“The analysis…found that Edison’s publicly reported cost of operating San Onofre in 2012 was $640 million -- an amount charged to customers even though the plant produced electricity for just one month. The cost of replacement power was $175 million for the year. Scaling Edison’s figures to five months of operation shows that operating Unit 2 would cost about $214 million, versus $66 million for replacement power…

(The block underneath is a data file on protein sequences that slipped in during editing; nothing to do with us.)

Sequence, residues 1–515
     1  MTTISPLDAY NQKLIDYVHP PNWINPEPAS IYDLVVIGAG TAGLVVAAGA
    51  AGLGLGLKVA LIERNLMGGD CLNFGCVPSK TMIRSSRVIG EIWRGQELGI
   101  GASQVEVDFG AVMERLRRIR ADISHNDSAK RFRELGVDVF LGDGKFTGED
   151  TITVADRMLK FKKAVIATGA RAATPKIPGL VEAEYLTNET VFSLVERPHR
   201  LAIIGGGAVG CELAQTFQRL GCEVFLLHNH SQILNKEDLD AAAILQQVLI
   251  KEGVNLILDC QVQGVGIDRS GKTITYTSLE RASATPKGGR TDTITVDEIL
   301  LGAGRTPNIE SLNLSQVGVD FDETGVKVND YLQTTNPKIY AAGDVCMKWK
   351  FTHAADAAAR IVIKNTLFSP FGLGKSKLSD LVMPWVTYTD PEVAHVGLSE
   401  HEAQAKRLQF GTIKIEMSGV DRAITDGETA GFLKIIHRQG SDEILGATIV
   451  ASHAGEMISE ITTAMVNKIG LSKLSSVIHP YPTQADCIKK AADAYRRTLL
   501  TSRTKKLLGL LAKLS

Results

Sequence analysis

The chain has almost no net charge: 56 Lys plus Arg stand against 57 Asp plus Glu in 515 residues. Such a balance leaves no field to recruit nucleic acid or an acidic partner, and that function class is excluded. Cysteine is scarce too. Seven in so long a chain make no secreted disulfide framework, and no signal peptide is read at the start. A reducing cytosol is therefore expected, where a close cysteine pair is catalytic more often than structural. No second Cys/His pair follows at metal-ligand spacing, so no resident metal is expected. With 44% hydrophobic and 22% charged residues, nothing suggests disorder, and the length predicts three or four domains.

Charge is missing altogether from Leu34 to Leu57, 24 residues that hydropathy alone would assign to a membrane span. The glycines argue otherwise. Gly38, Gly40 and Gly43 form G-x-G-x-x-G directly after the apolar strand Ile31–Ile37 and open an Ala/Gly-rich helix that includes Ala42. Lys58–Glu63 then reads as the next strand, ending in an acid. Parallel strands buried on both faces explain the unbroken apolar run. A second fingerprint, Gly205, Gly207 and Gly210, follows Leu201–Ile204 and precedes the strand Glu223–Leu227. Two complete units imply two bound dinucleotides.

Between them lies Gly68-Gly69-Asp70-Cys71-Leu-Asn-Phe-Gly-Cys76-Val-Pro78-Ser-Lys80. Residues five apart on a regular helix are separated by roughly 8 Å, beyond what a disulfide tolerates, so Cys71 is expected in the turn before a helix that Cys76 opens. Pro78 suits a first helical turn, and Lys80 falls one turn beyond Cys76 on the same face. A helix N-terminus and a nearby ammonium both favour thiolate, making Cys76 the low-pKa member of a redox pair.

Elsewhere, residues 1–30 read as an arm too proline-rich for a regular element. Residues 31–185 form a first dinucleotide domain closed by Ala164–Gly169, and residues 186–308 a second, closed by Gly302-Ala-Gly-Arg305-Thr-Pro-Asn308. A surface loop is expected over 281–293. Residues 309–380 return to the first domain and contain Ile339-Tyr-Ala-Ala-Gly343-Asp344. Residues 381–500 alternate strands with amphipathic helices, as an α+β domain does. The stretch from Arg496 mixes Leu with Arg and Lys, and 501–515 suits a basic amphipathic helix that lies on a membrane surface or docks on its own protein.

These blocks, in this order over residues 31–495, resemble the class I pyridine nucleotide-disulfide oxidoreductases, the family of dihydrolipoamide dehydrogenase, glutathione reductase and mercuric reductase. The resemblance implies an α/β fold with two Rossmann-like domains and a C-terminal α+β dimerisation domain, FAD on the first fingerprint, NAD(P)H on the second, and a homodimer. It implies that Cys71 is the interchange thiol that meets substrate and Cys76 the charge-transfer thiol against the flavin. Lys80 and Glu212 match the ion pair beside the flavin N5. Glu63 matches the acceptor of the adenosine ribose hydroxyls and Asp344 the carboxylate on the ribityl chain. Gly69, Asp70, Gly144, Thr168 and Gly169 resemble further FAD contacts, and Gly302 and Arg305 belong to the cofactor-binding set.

“…Friends of the Earth asked the PUC to…[to require of Edison] a cost-benefit analysis for its restart plan within two weeks…[T]he issue is an emergency because the Nuclear Regulatory Commission has indicated that it could rule as early as May whether to allow Edison to restart the reactor and run it at 70 percent power for five months -- an untested experiment that could further damage the plant’s severely worn steam generators -- this damage already caused the release of radioactive steam in January 2012…”